TMD is a condition in which the temporomandibular joints (TMJ), which connect the lower jaw to the base of the skull, become sore and movement of the jaw is restricted. No other joints are subject to such a precise discipline as that of the meeting and biting of the teeth. An estimated 50 million people suffer from chronic headache, earache, and facial pain as a result of TMJ/TMD.The cause, in most cases, is a disharmony of joints, muscles and teeth. Emotional stress, which may cause clenching and grinding of the teeth, is seen as a common factor in many cases. A muscle or skeletal imbalance can occur as the result of improper

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jaw development, misalignment of the teeth, a blow to the face, loss of teeth, recent dental work, improper oral habits, and even poor body posture.

Symptoms of TMD include:

  • Pain in the jaw area
  • Pain, ringing, or stuffiness in the ears
  • Frequent headaches or neck aches
  • Clicking or popping sound when the jaw moves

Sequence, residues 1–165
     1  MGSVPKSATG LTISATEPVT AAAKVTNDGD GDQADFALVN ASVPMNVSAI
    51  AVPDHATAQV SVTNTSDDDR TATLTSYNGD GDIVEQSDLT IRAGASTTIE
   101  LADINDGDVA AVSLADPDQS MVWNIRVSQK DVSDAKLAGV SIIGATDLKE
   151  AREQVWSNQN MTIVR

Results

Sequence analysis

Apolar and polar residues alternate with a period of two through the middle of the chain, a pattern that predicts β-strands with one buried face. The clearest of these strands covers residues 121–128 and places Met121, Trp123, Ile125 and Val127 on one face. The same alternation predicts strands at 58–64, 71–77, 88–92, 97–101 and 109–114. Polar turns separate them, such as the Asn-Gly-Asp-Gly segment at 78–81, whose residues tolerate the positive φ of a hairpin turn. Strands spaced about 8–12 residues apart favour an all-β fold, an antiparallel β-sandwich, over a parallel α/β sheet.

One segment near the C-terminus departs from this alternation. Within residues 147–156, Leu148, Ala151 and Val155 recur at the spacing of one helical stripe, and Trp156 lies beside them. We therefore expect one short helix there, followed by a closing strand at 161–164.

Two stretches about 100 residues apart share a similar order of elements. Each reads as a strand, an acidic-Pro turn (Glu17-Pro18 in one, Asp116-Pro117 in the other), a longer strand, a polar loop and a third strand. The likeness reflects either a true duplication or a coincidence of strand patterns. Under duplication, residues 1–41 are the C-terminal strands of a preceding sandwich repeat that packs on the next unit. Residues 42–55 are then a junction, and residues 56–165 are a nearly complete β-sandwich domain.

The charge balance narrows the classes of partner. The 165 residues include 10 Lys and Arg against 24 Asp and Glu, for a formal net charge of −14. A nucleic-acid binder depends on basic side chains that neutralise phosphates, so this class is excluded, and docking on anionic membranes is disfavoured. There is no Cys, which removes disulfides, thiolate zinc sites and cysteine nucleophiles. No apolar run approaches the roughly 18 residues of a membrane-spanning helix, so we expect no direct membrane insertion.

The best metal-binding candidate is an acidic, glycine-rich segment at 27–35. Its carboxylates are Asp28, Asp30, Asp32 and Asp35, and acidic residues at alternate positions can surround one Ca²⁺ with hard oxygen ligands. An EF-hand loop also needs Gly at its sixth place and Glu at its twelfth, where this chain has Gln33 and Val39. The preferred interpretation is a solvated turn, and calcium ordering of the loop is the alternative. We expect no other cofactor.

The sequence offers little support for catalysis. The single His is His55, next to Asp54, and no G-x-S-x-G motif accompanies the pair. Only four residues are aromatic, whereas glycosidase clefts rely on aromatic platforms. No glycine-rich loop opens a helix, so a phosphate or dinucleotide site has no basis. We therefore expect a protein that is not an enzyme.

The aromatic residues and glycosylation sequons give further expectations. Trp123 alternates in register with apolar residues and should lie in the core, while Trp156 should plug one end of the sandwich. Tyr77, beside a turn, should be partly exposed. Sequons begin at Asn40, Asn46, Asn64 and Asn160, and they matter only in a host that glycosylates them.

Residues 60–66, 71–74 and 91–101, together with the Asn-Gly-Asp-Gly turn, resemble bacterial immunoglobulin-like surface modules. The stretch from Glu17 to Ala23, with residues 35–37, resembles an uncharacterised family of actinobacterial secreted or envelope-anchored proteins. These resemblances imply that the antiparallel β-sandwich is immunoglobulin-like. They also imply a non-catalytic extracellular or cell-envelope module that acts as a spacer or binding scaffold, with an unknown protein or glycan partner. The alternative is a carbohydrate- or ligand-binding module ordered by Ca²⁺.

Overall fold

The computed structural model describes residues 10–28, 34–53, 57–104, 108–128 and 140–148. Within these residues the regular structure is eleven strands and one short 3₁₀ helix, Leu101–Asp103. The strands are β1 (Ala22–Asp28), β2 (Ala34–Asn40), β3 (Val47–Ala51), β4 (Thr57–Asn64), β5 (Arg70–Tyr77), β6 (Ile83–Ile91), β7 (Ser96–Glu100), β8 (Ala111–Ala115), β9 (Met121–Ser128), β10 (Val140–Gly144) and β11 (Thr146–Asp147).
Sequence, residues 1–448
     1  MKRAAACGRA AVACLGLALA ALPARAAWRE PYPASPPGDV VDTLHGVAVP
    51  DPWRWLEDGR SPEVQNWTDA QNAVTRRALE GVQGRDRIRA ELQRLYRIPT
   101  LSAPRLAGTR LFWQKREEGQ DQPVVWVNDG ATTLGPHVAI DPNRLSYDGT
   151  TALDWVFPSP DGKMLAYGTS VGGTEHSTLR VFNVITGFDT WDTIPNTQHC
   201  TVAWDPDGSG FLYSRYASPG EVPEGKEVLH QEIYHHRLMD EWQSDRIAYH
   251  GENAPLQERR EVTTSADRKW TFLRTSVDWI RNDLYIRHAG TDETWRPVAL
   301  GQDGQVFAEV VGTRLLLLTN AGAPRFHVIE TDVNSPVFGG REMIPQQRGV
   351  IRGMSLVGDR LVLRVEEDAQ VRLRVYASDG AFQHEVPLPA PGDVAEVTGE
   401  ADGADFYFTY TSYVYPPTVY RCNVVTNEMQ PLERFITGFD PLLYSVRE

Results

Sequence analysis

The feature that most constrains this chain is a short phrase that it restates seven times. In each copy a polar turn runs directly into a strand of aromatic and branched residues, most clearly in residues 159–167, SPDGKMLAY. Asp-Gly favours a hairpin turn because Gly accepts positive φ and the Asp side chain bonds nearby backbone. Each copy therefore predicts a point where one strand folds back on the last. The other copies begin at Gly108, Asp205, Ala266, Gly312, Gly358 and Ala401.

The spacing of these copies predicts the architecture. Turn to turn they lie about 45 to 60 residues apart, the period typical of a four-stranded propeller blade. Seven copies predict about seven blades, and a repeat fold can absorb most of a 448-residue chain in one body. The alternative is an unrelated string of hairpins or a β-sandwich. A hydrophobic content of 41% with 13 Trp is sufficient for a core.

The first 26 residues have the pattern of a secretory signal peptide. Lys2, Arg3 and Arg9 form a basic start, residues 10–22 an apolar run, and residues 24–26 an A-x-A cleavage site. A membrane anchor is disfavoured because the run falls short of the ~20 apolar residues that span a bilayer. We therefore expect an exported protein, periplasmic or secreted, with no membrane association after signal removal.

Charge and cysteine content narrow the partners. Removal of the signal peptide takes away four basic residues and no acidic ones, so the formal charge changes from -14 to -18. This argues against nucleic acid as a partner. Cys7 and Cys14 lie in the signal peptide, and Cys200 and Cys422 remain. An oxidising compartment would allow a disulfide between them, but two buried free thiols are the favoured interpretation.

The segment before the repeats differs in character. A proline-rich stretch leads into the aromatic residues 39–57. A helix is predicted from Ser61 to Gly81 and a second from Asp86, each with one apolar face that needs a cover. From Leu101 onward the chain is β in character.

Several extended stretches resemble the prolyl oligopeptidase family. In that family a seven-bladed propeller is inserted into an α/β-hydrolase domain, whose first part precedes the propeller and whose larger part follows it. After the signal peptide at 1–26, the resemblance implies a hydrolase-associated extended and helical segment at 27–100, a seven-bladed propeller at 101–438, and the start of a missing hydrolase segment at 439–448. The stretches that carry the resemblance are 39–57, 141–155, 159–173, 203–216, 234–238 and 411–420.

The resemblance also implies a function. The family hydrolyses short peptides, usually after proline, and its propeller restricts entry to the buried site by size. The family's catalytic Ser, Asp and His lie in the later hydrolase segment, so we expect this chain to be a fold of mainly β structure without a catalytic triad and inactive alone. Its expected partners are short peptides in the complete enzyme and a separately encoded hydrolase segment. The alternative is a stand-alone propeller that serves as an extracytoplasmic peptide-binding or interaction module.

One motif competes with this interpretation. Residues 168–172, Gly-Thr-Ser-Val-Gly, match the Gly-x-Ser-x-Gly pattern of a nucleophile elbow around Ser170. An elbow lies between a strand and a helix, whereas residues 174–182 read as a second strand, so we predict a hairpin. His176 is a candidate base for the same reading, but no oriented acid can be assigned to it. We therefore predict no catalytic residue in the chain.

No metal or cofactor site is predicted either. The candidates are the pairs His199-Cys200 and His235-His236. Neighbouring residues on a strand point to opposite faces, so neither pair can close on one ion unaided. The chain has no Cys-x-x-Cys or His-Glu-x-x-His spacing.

• Swelling on the sides of the face
  • Muscle spasms in the jaw area
  • A change in the alignment of top and bottom teeth
  • Locked jaw or limited opening of the mouth

Should you notice any of these symptoms, let us know! We can help advise you as to whether they indicate the presence of TMD and what sort of treatment may be required.

 

Treatment Options

The first step in treatment is symptomatic care, which usually consists of a soft diet, mild anti-inflammatory agents, moist heat pack and/or ice, and voluntary self-disengagement of the teeth. For many patients this may be the only treatment necessary to relieve symptoms. In more serious cases, splints may be used to reposition the upper and lower jaws. Behavior modification in the form of biofeedback, acupuncture, hypnosis and psychotherapy also may be beneficial.  In extreme cases, jaw surgery may be required.

 

Preventing TMD

There are some simple things you can do at home or work to prevent TMD:

  • Relax your face – remember the rule: “Lips together, teeth apart”
  • Avoid grinding your teeth
  • Avoid constant gum chewing
  • Don’t cradle the phone receiver between your head and shoulder – either use a headset or hold the receiver to your ear
  • Chew food evenly on both sides of your mouth
  • Do not sit with your chin rested on your hand
  • Practice good posture – keep your head up, back straight, and shoulders squared